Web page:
- Author(s): Saodah Wok, Rizalawati Ismail and Faridah Abdul Manaf
- When: 2014-07
- Where: International Journal of Science Commerce and Humanities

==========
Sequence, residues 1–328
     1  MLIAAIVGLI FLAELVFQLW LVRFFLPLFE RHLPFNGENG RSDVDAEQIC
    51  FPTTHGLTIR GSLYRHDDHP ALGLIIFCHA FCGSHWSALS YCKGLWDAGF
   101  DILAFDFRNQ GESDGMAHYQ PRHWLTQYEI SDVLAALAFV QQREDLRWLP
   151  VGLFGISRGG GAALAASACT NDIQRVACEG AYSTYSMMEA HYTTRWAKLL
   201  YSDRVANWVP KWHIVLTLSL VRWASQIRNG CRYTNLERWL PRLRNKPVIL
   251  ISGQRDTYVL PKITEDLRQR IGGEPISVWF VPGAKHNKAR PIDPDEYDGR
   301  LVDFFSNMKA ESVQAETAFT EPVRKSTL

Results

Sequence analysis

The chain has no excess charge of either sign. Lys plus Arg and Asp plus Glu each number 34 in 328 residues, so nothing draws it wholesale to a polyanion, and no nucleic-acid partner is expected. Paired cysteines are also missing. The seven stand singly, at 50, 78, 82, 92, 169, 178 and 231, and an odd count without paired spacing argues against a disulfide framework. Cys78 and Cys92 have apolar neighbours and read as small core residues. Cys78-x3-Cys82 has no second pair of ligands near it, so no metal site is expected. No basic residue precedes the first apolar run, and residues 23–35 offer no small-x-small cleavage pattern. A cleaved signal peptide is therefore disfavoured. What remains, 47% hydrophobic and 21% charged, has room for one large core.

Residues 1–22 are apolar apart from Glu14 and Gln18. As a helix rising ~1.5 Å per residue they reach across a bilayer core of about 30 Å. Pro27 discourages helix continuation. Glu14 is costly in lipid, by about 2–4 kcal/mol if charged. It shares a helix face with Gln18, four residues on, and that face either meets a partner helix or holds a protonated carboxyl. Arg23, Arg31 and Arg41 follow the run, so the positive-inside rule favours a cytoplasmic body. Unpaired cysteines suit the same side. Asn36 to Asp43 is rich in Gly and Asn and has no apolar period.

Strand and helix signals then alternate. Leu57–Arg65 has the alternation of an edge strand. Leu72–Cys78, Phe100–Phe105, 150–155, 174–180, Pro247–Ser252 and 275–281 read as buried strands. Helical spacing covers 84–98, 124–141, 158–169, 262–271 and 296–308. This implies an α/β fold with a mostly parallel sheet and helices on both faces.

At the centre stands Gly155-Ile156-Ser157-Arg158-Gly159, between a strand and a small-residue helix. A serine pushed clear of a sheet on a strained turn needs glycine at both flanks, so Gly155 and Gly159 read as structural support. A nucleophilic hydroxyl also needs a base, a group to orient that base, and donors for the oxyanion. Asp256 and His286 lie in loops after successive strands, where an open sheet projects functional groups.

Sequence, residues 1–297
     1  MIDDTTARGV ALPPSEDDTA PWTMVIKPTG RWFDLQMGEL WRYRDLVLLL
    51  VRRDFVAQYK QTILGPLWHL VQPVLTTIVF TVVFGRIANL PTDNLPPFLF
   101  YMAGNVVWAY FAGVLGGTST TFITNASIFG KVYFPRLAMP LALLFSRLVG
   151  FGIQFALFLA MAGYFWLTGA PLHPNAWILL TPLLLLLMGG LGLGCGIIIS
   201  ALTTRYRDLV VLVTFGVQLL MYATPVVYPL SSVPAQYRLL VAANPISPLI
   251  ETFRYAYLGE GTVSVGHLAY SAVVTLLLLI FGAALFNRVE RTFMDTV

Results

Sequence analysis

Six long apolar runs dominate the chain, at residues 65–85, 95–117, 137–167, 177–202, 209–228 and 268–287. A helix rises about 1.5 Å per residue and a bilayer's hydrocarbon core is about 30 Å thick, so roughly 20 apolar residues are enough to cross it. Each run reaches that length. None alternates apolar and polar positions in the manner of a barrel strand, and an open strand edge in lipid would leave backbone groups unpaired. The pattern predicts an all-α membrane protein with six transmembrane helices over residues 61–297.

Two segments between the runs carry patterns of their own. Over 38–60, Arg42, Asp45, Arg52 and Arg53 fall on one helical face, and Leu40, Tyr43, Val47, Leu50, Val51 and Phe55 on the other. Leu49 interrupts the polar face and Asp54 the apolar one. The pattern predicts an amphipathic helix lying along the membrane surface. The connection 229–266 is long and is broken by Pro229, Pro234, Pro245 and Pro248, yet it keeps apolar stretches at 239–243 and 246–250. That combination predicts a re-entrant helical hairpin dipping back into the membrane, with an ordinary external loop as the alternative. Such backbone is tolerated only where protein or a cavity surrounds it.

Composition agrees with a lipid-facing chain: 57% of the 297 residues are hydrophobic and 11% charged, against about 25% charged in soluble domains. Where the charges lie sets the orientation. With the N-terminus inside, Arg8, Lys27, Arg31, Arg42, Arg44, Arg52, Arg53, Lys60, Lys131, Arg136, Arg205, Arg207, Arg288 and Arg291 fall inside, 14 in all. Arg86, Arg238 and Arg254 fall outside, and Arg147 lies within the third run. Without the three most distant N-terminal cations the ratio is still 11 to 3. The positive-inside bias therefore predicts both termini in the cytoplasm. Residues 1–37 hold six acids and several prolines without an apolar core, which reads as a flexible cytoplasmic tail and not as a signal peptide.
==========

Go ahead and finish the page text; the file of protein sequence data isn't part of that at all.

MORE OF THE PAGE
Religious film plays an import role in educating the viewers, especially the youth. This study tries to compare the results of the experimental group (N=141) to the control group (N=150) on perception of, attitude on, and impact change from watching Islamic film. Specifically, it analyses the effect of an Islamic short film on youth behavioral change, according to race, religion, age and gender. The study uses a quantitative research design, with an experimental research method, using questionnaire as the research instrument for data collection. Results revealed that there were no differences between the experimental and the control group on the overall perception and the overall attitude, but the difference exists for the overall impact change. Surprisingly, the control group assessment on the impact of film, as a whole, is higher than the experimental group, after a short Islamic film was shown to the participants. For the control group, the Malay youth indicated a higher impact change assessment than the Chinese while the Muslim participants indicated a higher impact change assessment than the Christian, Hindus, Buddhist and Others. For the experimental group, the Malay youth gave a higher impact change assessment than either the Chinese or the Indian, with the Muslims superseded the Buddhists, and the least affected age group was the teenagers compared to the adolescents and the young adults. Therefore, the short film was making an impact on the participants, negatively. Thus, Social Learning Theory could be applied to learning of both positive and negative type of information. Suggestions to young film makers are posted so that they make religious films interesting enough, not as a threat, challenging youth existing knowledge on their own faith and on Islam; but as a motivation and reinforcement.